We had a panel discussion at Catholic University yesterday on the Catholic Vote in the 2008 election. You can see it on C-Span by clicking here.
The central question was this: Is there a "Catholic vote" anymore and, if so, what will drive it in the 2008 election cycle? The different panelists had their own opinions on this question, but the one point of consensus was that we don’t really know yet and won’t know until we get the exit polls on election night. There are a lot of shifting templates in the geography of this election, some of them tectonic like the historic tension between white, ethnic Catholics and African-Americans, and some of them ephemeral like how much Sarah Palin spent on her wardrobe.
One of the biggest questions is whether or not young people will turn out. There is convincing data to show that young Catholics, and indeed most young Americans, break disproportionately for Obama. Young evangelicals remain more firmly entrenched in the GOP column, but they are the exception not the rule. While pollsters and statisticians are understandably wary of high-end projections of youth turnout, which we have seen before but it has never quite panned out, I think this year will be different. Young people know that this year they can make history. Voting for Al Gore in 2000 would have set the country on a far different course from the one George W. Bush has taken us but no one at the time felt that voting for Gore was "taking part in history." If Obama wins, all Americans (except the racists) will have to feel good about the fact that race was no impediment to his attaining the highest office in the land. Even if you think his policies will be a disaster for the country, breaking down racial and ethnic barriers is an undeniably good thing and an undeniably American thing.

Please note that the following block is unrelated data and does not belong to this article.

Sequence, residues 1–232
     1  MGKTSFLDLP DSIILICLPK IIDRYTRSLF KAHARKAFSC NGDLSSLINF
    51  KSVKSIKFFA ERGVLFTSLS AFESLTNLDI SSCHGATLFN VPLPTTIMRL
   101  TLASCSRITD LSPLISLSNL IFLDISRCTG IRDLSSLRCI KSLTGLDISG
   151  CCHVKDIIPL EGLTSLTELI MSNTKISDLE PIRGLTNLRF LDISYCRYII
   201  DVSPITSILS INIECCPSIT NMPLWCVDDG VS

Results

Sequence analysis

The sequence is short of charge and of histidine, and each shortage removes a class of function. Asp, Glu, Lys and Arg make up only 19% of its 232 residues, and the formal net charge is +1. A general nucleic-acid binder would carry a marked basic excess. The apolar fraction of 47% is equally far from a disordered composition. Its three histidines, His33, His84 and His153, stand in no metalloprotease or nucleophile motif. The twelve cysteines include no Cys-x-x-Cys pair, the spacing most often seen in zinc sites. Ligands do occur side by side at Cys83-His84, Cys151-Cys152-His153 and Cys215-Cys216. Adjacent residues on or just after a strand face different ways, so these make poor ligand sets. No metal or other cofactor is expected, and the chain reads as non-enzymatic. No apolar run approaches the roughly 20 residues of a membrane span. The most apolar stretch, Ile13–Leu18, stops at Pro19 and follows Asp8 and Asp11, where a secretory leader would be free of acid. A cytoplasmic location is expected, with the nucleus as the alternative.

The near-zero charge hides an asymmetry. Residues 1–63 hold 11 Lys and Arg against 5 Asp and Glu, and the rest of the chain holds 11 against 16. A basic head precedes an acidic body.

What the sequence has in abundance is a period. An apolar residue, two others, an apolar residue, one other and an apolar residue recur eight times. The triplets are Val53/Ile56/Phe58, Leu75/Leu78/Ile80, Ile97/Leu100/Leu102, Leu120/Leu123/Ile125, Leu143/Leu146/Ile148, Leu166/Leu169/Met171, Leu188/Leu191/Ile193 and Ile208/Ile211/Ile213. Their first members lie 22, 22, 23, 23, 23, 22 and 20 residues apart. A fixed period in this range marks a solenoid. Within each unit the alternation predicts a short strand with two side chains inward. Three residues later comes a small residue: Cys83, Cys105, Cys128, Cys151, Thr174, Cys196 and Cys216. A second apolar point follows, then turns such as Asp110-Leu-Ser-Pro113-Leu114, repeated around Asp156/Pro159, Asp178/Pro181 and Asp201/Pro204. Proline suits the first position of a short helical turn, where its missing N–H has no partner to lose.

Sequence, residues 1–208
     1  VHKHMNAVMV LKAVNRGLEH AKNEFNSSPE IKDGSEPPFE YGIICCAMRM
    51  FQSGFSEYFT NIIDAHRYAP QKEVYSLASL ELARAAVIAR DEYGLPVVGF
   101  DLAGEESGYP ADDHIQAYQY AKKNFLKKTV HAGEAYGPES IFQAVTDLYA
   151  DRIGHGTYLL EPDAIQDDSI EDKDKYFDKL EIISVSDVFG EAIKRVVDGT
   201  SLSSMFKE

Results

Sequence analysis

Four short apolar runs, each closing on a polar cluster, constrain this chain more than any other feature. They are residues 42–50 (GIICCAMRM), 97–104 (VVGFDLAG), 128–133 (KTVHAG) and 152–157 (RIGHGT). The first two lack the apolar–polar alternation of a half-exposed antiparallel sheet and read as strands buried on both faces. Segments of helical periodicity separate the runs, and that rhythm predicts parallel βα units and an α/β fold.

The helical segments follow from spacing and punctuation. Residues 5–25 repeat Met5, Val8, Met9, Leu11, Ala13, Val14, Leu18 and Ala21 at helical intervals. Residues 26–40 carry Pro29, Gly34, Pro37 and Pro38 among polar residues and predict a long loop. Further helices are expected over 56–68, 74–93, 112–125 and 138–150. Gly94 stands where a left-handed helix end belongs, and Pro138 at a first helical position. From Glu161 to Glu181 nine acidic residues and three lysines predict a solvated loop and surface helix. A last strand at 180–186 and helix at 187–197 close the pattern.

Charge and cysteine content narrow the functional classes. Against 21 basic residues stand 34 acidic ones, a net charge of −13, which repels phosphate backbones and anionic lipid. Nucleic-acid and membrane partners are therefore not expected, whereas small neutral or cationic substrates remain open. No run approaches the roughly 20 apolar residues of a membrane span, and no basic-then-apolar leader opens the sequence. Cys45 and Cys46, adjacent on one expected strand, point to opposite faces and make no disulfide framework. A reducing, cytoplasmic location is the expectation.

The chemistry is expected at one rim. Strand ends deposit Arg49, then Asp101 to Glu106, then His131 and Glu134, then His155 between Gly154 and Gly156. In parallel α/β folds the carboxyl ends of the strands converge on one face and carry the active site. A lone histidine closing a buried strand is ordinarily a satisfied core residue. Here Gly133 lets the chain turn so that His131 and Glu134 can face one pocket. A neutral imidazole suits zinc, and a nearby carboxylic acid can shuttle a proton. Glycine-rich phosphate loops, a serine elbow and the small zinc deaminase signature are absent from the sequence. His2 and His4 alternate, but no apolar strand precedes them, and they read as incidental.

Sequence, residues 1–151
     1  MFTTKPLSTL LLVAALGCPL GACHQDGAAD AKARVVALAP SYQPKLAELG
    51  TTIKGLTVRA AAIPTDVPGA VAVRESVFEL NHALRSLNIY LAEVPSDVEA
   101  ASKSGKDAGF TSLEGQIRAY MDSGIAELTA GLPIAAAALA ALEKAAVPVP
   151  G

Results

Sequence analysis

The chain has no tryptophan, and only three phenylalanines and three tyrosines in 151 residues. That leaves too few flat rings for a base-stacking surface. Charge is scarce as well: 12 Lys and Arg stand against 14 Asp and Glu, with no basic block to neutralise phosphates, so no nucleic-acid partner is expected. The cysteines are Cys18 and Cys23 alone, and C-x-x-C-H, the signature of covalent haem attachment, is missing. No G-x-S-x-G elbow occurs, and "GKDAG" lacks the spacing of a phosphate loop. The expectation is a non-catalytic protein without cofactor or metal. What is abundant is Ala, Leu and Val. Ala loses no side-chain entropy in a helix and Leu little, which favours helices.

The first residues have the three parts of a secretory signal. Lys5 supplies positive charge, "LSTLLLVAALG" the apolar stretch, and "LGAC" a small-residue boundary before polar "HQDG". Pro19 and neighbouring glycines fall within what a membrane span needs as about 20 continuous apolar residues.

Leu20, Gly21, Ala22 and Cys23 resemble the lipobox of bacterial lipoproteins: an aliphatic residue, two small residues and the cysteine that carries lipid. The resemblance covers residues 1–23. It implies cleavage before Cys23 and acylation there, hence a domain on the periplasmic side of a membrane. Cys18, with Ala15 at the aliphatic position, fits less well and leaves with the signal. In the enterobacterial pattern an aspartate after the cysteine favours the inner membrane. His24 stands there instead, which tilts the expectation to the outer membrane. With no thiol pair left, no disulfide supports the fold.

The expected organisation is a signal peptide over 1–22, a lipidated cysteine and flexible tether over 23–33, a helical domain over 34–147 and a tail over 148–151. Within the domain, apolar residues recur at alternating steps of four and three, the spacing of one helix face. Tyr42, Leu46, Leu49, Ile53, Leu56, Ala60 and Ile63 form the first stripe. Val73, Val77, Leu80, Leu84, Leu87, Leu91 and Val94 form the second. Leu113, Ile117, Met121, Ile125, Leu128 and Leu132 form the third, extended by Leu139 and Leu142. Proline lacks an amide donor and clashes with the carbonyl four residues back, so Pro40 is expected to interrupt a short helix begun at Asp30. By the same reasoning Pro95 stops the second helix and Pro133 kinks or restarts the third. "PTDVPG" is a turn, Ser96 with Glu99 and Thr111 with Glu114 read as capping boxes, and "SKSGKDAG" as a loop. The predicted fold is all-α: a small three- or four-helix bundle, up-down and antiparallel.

There was a great deal of discussion about the abortion issue and how it will play. After the panel, a young woman came up to ask me if I knew that Barack Obama intended to increase the number of abortions in this country. She was bristling with hostility. I said during the panel that I think one of the reason Obama has to deliver on his pledge to find common ground on abortion is that so many of us are tired of the two sides shouting at each other, and part of his political persona is that he can be a bridge builder. And, if he wins, we pro-life Democrats must keep his feet to the fire on his pledge.
The emergence of Catholic Latinos as a critical voting bloc was also a focus of much attention. They are the fastest growing demographic in the entire electorate and they are already decisive in such key swing states as Colorado, Nevada and New Mexico. If the next president delivers on humane immigration reform, he will earn the loyalty of the Latino vote for his party for a generation.
Catholics this year will lean blue like the rest of the country but they remain a distinctive voting bloc, with different cultural reference points, different historical family narratives &c. For too long Democrats ignored this distinctiveness, but Obama seems to get it. It may help him get to the White House and, even more, it may help him build a governing coalition once he gets there.
Michael Sean Winters